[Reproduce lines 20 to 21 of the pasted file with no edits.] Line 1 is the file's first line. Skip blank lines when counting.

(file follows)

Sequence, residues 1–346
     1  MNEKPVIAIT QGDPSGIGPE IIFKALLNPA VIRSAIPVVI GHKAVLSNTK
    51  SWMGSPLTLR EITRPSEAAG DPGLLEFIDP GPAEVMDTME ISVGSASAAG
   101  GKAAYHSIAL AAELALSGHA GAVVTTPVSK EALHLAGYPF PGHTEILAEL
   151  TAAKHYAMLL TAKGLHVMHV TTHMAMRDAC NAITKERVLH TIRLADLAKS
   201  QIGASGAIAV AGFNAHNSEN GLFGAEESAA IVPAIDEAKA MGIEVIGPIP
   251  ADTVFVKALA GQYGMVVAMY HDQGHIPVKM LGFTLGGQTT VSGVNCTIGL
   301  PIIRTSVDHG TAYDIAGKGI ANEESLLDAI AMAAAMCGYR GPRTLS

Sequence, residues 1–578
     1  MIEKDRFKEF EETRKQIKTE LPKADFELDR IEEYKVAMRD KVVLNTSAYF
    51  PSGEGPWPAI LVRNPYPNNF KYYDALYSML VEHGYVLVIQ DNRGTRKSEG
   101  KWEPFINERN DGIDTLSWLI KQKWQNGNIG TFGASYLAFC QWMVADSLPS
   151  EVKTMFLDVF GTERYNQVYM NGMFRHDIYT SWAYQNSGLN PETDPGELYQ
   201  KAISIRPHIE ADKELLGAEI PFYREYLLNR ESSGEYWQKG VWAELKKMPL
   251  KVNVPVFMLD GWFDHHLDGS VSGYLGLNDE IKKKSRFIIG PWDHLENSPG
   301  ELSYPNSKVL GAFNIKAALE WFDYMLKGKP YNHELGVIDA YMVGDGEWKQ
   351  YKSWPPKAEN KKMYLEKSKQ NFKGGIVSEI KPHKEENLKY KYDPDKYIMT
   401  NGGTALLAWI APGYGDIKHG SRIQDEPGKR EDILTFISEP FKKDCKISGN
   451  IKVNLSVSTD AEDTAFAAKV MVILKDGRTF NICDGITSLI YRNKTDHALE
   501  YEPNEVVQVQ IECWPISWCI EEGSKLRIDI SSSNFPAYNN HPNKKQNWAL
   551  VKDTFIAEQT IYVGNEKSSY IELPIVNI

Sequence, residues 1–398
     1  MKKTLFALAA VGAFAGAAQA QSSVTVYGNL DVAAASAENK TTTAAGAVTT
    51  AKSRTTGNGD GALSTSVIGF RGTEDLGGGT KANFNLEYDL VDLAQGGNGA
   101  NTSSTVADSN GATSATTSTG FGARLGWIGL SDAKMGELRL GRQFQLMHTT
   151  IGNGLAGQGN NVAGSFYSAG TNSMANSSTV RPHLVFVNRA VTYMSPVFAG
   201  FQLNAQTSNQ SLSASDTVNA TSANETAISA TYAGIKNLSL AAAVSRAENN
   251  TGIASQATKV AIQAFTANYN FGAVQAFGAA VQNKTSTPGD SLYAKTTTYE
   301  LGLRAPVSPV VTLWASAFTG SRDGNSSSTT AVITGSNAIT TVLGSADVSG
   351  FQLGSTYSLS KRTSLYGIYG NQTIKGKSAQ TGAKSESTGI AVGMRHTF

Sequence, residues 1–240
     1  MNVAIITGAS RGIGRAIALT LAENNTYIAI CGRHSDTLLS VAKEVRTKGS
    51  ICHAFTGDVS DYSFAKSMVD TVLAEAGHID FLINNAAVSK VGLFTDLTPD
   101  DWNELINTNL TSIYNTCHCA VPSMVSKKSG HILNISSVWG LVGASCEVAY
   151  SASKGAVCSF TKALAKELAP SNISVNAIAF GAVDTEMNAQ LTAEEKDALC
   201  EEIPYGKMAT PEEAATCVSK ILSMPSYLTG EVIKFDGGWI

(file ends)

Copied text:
   501  YEPNEVVQVQ IECWPISWCI EEGSKLRIDI SSSNFPAYNN HPNKKQNWAL
   551  VKDTFIAEQT IYVGNEKSSY IELPIVNI